the gland that produces JH. These larvae formed smaller puparia and
showed precocious maturation of the visual system, but died around
MATERIALS AND METHODS
Aug21-GAL4 [a stock obtained by T. Siegmund and G. Korge but not
reported in the screen for neurosecretory neurons (Siegmund and Korge,
2001)], UAS-grim (Wing et al., 1998), and the Met27-null mutant (Wilson
and Ashok, 1998) stocks were used. The GAL4 lines R15E10, R17A12,
R23C06, R25B08 and R27G05 were constructed as described by Pfeiffer
et al. (Pfeiffer et al., 2008). The UAS-EcR-B1 (Lee et al., 2000) and UAS-
MetRNAi (45852 and 45854 from the Vienna Drosophila RNAi Center)
lines were used. The Aug21-GAL4/CyO, actin-GFP, the R27G05; UAS-
mCD8::GFP and the Met27; Aug21-GAL4, UAS-GFP/CyO stock were
constructed at the Janelia Farm Fly Core facility.
The Met27fly stocks and the GAL4>UAS-EcR-B1 and the GAL4>UAS-
MetRNAi crosses were maintained at 25°C. The Aug21-GAL4/CyO, actin-
GFP?UAS-grimcrosses were maintained at 29°C until the late third instar,
then transferred to 25°C. The Aug21>grim larvae were separated from the
CyO, UAS-grim larvae by the expression of a GFP transgene on the CyO
Juvenile hormone treatments
Larvae or white puparia were given the JH mimic (JHM) pyriproxifen
(Sumitomo Chemical Company, Osaka, Japan) or 7R-JH III (Toong et al.,
1988) (gift of Dr Y. Toong) topically or in the diet. For topical application,
0.2 ml cyclohexane containing a specified amount of JH III or JHM was
applied to wandering larvae under CO2anesthesia or to white puparia. For
the feeding experiments, 5 mg JHM in 50-100 ml ethanol was mixed with
5 ml of standard diet to give a diet containing 1 part per million (ppm)
Immunocytochemistry and imaging
Brains and other tissues were dissected and fixed in 3.9% formaldehyde
(Fisher Scientific, Fairlawn, NJ, USA) in phosphate-buffered saline
(PBS; Mediatech, Manassas, VA, USA) for 30 minutes, then rinsed and
incubated in PBS-1% Triton X-100 (TX) with 2% normal donkey serum
for 30 minutes. They were then incubated in PBS-1% TX with primary
antibody for 1-2 days at 4°C, rinsed, then incubated in secondary antibody
overnight at 4°C. Primary antibodies used were: ecdysone receptor, B1
isoform (EcR-B1; mouse ascites fluid AD 4.4; 1:10,000; from C. S.
Thummel, University of Utah, Salt Lake City, UT, USA); Fasciclin II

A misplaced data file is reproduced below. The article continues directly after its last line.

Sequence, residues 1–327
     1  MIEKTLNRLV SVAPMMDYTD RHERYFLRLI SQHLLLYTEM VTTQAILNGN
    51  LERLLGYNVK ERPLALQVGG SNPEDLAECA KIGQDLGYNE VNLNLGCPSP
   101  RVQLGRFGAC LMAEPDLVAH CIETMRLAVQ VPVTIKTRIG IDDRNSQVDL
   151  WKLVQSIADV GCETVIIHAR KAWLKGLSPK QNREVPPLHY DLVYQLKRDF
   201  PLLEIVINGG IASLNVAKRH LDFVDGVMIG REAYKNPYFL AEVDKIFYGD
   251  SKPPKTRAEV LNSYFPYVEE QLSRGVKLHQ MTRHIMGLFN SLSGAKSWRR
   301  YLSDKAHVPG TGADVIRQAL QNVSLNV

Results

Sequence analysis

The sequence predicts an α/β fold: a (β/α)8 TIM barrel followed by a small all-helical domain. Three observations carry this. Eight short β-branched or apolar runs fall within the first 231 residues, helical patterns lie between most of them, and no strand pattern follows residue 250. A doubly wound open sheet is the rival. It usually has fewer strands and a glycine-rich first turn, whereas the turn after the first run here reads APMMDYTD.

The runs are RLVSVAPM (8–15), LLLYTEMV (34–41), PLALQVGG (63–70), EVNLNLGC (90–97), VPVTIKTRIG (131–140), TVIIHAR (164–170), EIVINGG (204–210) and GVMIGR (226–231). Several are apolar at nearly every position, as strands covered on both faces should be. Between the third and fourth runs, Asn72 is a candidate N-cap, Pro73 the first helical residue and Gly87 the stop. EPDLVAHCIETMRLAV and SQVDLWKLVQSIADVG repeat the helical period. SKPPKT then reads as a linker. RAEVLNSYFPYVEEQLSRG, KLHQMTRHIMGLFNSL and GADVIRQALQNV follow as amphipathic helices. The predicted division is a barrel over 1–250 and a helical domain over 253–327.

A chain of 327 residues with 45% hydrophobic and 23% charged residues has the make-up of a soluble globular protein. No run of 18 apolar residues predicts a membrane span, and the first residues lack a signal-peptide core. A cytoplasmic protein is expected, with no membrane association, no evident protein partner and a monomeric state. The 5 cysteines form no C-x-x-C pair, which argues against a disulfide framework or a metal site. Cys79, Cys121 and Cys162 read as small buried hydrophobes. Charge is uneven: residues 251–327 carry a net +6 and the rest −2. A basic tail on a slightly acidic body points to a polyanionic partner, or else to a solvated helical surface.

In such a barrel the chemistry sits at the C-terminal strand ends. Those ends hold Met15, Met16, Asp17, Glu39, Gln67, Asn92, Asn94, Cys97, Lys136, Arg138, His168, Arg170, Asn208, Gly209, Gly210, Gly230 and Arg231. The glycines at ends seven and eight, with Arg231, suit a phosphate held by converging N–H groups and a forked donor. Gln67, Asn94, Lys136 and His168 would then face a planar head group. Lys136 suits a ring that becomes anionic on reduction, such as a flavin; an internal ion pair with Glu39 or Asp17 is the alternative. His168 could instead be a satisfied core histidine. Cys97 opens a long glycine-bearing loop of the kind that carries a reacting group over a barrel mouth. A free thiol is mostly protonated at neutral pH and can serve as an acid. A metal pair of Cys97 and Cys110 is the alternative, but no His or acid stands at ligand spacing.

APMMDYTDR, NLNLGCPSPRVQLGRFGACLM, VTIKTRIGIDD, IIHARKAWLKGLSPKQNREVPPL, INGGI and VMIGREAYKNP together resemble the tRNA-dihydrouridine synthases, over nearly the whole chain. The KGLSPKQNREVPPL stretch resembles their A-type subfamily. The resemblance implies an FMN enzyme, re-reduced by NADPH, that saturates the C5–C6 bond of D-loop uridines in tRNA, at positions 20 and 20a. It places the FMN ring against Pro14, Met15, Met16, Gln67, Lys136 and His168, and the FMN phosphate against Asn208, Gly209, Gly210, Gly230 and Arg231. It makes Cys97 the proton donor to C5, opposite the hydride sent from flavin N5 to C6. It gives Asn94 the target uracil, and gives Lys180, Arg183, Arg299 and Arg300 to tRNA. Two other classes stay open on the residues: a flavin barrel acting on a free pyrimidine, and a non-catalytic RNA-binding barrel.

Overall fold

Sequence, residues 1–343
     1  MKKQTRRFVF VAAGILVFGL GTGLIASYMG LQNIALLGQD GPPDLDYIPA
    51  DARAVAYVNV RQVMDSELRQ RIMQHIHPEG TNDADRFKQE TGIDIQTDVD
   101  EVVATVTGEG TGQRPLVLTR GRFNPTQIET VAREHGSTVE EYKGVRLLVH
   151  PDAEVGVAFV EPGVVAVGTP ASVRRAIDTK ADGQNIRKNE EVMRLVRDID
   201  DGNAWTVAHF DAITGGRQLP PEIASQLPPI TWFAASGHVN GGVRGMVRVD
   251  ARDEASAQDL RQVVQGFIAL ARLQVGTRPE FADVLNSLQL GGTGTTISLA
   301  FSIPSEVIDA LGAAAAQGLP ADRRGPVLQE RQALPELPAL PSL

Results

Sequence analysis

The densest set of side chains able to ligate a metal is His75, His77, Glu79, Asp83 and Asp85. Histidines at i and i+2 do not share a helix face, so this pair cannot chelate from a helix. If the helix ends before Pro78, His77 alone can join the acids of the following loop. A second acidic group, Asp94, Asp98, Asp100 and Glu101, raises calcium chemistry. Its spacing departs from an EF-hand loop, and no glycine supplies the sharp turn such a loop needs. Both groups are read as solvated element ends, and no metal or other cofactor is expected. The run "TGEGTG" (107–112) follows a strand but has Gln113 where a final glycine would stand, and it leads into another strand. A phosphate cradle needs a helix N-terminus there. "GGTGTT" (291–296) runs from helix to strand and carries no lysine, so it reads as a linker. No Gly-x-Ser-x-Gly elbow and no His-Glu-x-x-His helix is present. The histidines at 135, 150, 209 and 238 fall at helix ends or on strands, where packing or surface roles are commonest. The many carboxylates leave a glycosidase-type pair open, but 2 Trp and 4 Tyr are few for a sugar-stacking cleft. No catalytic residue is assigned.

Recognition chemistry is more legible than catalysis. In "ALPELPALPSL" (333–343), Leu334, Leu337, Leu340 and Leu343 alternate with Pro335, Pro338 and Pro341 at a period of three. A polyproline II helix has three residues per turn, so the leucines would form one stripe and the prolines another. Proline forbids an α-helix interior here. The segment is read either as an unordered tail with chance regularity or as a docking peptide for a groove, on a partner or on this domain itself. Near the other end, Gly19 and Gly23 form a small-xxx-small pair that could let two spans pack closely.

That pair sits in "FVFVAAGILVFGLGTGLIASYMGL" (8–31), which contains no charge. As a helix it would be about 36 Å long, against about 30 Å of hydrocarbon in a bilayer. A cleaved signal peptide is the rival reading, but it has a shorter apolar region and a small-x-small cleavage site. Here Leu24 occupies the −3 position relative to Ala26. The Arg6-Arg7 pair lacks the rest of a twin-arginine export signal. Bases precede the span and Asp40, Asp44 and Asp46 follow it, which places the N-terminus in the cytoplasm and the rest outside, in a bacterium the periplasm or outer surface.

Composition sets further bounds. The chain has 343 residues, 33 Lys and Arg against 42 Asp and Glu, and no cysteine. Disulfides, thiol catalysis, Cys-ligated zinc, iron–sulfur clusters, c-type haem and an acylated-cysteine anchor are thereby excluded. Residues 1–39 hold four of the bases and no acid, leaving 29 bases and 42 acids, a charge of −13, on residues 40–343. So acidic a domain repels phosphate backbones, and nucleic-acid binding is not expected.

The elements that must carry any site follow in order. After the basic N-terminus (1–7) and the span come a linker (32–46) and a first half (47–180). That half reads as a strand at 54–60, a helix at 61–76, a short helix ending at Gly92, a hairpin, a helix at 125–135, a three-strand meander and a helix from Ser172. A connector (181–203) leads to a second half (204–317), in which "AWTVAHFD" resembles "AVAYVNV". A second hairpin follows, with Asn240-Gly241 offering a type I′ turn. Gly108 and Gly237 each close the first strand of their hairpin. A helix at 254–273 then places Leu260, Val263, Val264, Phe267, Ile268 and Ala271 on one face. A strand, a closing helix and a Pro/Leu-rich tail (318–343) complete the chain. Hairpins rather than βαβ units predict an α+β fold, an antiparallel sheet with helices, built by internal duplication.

[mouse monoclonal antibody (MAb) 1D4; 1:50; from C. Goodman,
University of California, Berkeley, Berkeley, CA, USA]; Deadpan (rat
MAb; 1:1; from C. Q. Doe; Boone and Doe, 2008); phosphohistone H3
(PH3; 1:1000; Upstate, Millipore, Billerica, MD, USA); and chaoptin
(mouse MAb 24B10; 1:50), N-cadherin (rat MAb MNCD2; 1:50) and
neuroglian (mouse MAb BP104; 1:40; all from the Developmental
Studies Hybridoma Bank, Iowa City, IA, USA). Secondary antibodies
were fluorescein, Texas Red or Cy5 conjugated and were used at 1:500
(Jackson ImmunoResearch Laboratories, West Grove, PA, USA). Oregon
Green 488 phalloidin (Molecular Probes, Invitrogen, Carlsbad, CA, USA)
was sometimes used as a counterstain.
Immunostained preparations were typically dehydrated through a graded
ethanol series, cleared in xylene and mounted in DPX (Fluka BioChemika,
Sigma-Aldrich, St Louis, MO, USA). Eye discs that were counterstained
with phalloidin were mounted directly into Vectashield (Vector Laboratories,
Burlingame, CA, USA) to preserve the phallodin immunofluorescence.
The preparations were imaged on a Zeiss 510 confocal microsocope
and processed with Image J. Counts of the number of dividing
cells, as indicated by PH3 labeling, were performed using V3D
software developed by H. Peng (Janelia Farm Research Campus, HHMI,
Ashlam, VA, USA; http://penglab.janelia.org/proj/v3d/v3d2.html).
Effects of genetic allatectomy on larval
development and metamorphosis
We confirmed that Aug21-GAL4 drove UAS-GFPexpression in the
CA (T. Siegmund and G. Korge, personal communication) and
found that it was also expressed strongly in the salivary glands.
When Aug21-GAL4 drove the cell death gene grim (Wing et al.,
1998) in these tissues, both sets of glands were either missing or in
a state of advanced degeneration by the onset of the third instar (data
not shown), and all remnants of the CA had disappeared by the onset
of wandering (Fig. 1A). Therefore, the larvae had been
The Aug21>grim (CAX) larvae developed slightly slower than
did their CyO, UAS-grim counterparts, and pupariated about 8-12
hours later. They were also about 75% of the weight of their CyO,
UAS-grim siblings (Fig. 1B,C). Survival to pupariation was similar
for both the CAX and the control (CyO, UAS-grim) larvae; of a total
of 1300 puparia scored, 51% were from CAX larvae and 49% from
CyO, UAS-grim larvae. When fed a diet containing 1 ppm JHM
during the third instar, the CAX larvae grew to the normal size (Fig.
1B,C), showing that the effects on growth were due to the lack of the
CA and not to the degeneration of the salivary glands. Both the
control CyO, UAS-grim and the CAX larvae on the JHM diet
delayed pupariation by 1-2 days.
Although the CAX larvae showed normal viability up to
pupariation, they typically died around the time of head eversion.
Video imaging showed that they initiated head eversion at the
normal time but were unable to eject the mouth hooks completely
and evert the pupal head (six out of seven animals). One of these did
complete head eversion. Such ‘escapers’ were not found at 29°C, but
occurred 20% of the time when the white puparia were placed at
Development 137 (7)
Fig. 1. Genetic allatectomy and its effect on puparial size. (A)The
ring gland of control CyO, UAS-grim (above) and allatectomized (CAX)